“Our task must be to free ourselves by widening our circle of compassion to embrace all living creatures and the whole of nature and its beauty.”                       Albert Einstein

“When I told the people of Northern Ireland that I was an atheist, a woman in the audience stood up and said, ‘Yes, but is it the God of Catholics or the God of the Protestants in whom you don’t believe?”   Quentin Crisp

Lesson—Psalm 113 (The Message)
1-3 Hallelujah!
You who serve God, praise God!
Just to speak his name is praise!
Just to remember God is a blessing—
now and tomorrow and always.
From east to west, from dawn to dusk,
keep lifting all your praises to God!

4-9 God is higher than anything and anyone,
outshining everything you can see in the skies.
Who can compare with God, our God,
so majestically enthroned,
Surveying his magnificent
heavens and earth?
He picks up the poor from out of the dirt,
rescues the wretched who’ve been thrown out with the trash,
Seats them among the honored guests,
a place of honor among the brightest and best.
He gives childless couples a family,
gives them joy as the parents of children.

Questions for the Week

Do you have a harder time with praising God, or showing compassion to other people?

How do you praise God in your everyday life?

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Praying the Psalms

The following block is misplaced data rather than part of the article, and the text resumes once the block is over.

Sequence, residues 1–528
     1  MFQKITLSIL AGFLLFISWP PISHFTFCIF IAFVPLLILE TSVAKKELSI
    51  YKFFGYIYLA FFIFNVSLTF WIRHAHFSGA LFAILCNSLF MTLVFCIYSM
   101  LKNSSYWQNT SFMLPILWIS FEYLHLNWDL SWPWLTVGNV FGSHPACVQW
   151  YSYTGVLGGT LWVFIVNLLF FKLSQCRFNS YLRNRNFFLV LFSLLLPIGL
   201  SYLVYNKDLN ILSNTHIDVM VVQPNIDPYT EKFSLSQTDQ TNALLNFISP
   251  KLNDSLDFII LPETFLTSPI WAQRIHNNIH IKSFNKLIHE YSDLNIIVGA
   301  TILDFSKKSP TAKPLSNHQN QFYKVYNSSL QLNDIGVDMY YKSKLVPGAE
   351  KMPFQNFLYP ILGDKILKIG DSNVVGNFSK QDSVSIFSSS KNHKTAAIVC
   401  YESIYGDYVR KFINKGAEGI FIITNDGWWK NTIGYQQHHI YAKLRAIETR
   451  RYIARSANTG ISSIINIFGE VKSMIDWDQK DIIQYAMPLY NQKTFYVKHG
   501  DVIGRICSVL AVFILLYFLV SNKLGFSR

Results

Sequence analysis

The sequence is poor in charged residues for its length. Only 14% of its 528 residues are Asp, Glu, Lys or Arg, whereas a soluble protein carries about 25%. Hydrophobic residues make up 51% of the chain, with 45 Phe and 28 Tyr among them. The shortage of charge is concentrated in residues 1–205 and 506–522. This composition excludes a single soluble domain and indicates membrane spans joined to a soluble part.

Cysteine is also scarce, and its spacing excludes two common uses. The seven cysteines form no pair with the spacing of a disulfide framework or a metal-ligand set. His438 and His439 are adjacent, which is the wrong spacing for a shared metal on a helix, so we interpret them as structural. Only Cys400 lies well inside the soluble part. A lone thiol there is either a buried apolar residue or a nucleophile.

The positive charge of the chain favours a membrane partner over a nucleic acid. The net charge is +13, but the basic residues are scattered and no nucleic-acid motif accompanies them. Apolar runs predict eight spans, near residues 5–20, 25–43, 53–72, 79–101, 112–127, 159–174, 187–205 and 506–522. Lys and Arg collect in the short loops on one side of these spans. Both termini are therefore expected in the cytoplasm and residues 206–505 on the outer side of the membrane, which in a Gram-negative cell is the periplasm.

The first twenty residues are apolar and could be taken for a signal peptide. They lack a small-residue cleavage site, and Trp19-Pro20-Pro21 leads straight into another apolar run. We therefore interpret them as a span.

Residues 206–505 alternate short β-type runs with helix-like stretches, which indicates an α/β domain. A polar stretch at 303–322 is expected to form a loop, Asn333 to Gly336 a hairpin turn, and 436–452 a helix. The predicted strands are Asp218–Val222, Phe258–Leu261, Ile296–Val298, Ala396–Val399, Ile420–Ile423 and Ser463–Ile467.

Written by Mark C. Pederson, Pastor, Trinity Lutheran Church

Theme Background

Praying the Psalms. Jesus did it. It guided him through the heights of glory to the pit of despair. I really like Eugene Peterson’s introduction to the Psalms. I’m going to quote from it liberally today. He talks about how in his life as a pastor people were always asking him how to pray. He would place the Psalms in their hands and say, “here, pray this.” People are frequently confused by this. Aren’t the Psalms songs, after all? They are, but they are sung prayers. As Martin Luther said, that those who sing, pray twice.

People often feel they have to learn the correct language for prayer. You don’t. The Psalms are evidence of that. They are honest and earthy and filled with just about every human emotion there is. Peterson said that his parishioners were often surprised by the prayers they discovered in the Psalms. He expressed surprise at their surprise. “Did you think these would be the prayers of nice people? Did you think the psalmists’ language would be polished and polite?”

Peterson continues: “Untutored, we tend to think that prayer is what good people do when they are doing their best. It is not. Inexperienced, we suppose that there must be ‘insider’ language that must be acquired before God takes us seriously in our prayer. There is not. Prayer is elemental, not advanced, language. It is the means by which our language becomes honest, true, and personal in response to God. It is the means by which we get everything in our lives out in the open before God.”

I relied on the Psalms a great deal when I was on leave for two months. I discovered that no matter what I was experiencing, the Psalmist was there to greet me. Phrases like “I stood there saved—surprised to be loved”, or “God’s word is better than strawberries in Spring, better than red, ripe strawberries”, or “God, my God, why did you dump me miles from nowhere?” It doesn’t matter what emotion you are feeling, it’s in the Psalms. Are you feeling betrayed? How about this, “Don’t let them cut my throat; don’t let those mongrels devour me.” It may be shocking to see such raw emotion as prayer.